News > UAE Armenians > Elections in the Gulf Armenian communities
On Friday 16 February 2007, Armenians in GCC countries (in Abu Dhabi, Sharjah-Dubai and Kuwait City) had elections for the Legislative Council (Temagan).
This was the fourth successive elections since the establishment of the Prelacy of Kuwait and Arabian Gulf Countries in 1994 (based in Kuwait City). Armenians have resided in the region since the 1950s (the Armenian Church and School in Kuwait date back to the 1960s, while the Abu Dhabi and Sharjah weekly schools were found in 1980-1981).
This year’s elections had a very strange character. According to the Constitution (Ganonakroutyoun) the number of the available seats was 18 (9 in Kuwait, 5 in Sharjah-Dubai and 4 in Abu Dhabi). On the other hand the number of the candidates was a matching 18. Thus, the elections turned out to be a sort of referendum or a meaningless competition for higher voting score amongst the candidates.
In recent times we noticed an influx of new comers to Sharjah-Dubai. It is estimated that hundreds of young (and young in heart) Armenian professionals from around the world are seeking their chance in the UAE, taking advantage of the current economic development in the country.
Unfortunately, the increasing number of newcomers was not reflected in the elections. There was even a large percentage of absenteeism in the ranks of long time Armenian residents in Sharjah – Dubai.
According to the Constitution, those who do not pay the annual tax (Azkayin Dourk) are not eligible to vote. Based on the tax-payment rolls, only 281 persons (out of an estimated 2.000 adult population in Sharjah – Dubai) had the right to vote on 16th February 2007. To make matters worse, 151 persons out of the above mentioned 281 did not show up. Subsequently, only 130 persons cast their vote (which in fact makes less than 10% of the adult population). Obviously the elections in GCC Armenian communities are very far from truly representing the wider public.
Interview with Haygaz Tahmasian
In Dubai-Sharjah, the elections brought over only one new name, Haygaz Tahmasian. All other 4 elected persons had been serving in the Legislative Council in the 2002-2006 period.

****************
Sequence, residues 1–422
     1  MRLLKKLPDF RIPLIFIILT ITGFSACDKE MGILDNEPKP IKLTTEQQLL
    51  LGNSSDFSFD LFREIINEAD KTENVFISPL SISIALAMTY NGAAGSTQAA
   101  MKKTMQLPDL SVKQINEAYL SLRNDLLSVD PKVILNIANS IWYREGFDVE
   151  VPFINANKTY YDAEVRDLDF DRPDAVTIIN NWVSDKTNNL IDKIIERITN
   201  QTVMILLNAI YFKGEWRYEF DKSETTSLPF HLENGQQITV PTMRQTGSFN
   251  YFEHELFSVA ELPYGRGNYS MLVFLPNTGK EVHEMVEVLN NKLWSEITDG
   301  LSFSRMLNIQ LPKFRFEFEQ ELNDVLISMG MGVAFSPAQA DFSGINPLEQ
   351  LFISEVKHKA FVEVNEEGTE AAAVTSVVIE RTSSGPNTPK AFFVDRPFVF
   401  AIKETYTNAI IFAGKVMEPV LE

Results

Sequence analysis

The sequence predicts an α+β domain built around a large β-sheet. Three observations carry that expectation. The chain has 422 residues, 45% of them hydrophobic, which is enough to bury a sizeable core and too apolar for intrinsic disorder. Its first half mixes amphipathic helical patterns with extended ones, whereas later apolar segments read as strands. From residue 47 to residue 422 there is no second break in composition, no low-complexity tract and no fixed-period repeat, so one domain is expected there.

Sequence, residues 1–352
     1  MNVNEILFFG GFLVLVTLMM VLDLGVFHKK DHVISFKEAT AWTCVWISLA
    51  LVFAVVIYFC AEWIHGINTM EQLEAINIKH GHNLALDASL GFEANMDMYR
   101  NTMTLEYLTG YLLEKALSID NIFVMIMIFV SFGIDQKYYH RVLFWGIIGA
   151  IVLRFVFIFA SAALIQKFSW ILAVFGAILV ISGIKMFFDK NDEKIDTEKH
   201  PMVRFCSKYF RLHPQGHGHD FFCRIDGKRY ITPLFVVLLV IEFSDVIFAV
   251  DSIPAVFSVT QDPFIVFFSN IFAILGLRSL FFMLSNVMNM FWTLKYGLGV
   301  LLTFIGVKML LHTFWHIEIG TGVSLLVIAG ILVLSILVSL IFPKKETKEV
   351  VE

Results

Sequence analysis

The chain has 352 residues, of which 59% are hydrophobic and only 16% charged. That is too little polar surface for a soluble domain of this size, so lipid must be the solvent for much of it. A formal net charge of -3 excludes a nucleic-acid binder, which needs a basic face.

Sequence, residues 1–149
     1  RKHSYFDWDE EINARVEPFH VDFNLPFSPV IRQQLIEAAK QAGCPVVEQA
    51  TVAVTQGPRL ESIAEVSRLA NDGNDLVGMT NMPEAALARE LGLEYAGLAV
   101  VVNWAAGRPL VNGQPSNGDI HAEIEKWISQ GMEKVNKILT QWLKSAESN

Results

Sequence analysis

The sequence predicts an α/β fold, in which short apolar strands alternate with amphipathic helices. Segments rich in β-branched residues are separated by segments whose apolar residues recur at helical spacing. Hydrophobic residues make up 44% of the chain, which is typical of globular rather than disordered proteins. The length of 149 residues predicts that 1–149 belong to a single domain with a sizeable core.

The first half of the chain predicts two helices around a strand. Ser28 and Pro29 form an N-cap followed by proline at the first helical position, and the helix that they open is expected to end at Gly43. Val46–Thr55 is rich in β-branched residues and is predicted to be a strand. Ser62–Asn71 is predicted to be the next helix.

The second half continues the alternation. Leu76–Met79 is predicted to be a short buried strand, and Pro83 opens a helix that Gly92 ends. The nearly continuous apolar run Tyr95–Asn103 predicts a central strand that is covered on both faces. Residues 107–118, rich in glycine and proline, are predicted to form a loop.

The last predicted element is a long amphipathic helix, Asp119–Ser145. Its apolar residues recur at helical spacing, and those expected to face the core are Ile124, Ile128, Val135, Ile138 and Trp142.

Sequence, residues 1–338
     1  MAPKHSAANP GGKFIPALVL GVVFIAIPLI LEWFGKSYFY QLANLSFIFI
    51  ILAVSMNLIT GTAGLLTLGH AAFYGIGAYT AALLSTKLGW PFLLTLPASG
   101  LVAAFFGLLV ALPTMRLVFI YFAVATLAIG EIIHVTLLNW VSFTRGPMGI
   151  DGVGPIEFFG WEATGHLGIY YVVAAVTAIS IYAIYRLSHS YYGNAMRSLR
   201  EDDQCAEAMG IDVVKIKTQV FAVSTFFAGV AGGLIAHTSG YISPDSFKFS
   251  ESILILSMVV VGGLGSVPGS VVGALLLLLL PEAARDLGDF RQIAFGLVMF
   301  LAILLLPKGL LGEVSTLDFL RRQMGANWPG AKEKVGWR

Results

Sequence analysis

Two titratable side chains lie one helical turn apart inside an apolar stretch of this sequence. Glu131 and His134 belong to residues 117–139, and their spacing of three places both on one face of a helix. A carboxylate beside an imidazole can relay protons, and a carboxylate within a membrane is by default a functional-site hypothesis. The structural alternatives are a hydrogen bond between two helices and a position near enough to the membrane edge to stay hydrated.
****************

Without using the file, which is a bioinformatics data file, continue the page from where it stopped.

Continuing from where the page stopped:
Tahmasian said to the Azad-Hye representative that attention should be paid to the youth. “A gathering place for the youth should be prepared, where they can exercise athletic and other activities. The present community hall is not enough. The youth need a wider place, preferably in Dubai as well as in Sharjah. In the past 80% of the Armenian population used to be concentrated in Sharjah, but now half of the population lives in Dubai. Many avoid coming to Sharjah because they need to drive two hours to reach their destination”.
Tahmasian mentioned the Armenian school as the second priority on his agenda. “We should try to establish a daily Armenian school in Sharjah. Such a project needs a great sum of money to cover the running expenses of the first few years, besides the construction expenses. The money that we have allocated thus far for the school, covers only a small part of the expenses. We need 20 million dirhams for this project”.
About the nature of the future Armenian school, Tahmasian believes that it could also accept non-Armenian students. “Foreigners can follow the general curriculum, while the Armenian students will take lessons in language and history, besides the standard curriculum. Such a situation exists in several countries in the Middle East, where specific hours are allocated to Armenian students. At this stage, a school with only Armenian students might not be economically feasible, but, as I said, it is a matter of discussion and we should try our best to serve the educational needs of our students”.
Regarding the Media and news coverage, it is a known fact that at the time being Azad-Hye is the only Armenian Media object that exists in Dubai-Sharjah. In the past there was a periodical called Shepor (published bi-monthly from 2000-2003, covering community activities). Tahmasian believes that Shepor should be re-published and not only on bi-monthly basis, but rather on more frequent basis (maybe even as a weekly). “A periodical publication is a good way for evaluating our activities. It is not enough to send fax or e-mail about an upcoming event. We need to read about the event later and inform others outside UAE about our activities. We must create reporting and media coverage practices,” he concluded.
Sharjah-Dubai elected the following as members of the Legislative Council:
1- Haygaz Tahmasian (116 votes)
2- Sebouh Manjikian (97 votes)
3- Varouj Nerguizian (93 votes)
4- Ara Keusseyan (88 votes)
5- Hrayr Soghomonian (85 votes)
(other interviews to follow)
1- The elected members of the Legislative Council for the period 2006-2010 (from left to right Ara Keusseyan, Hrayr Soghomonian, Haygaz Tahmasian, Varouj Nerguizian and Sebouh Manjikian).
2- The members of the Electoral Committee and the vote-inspecting assistants.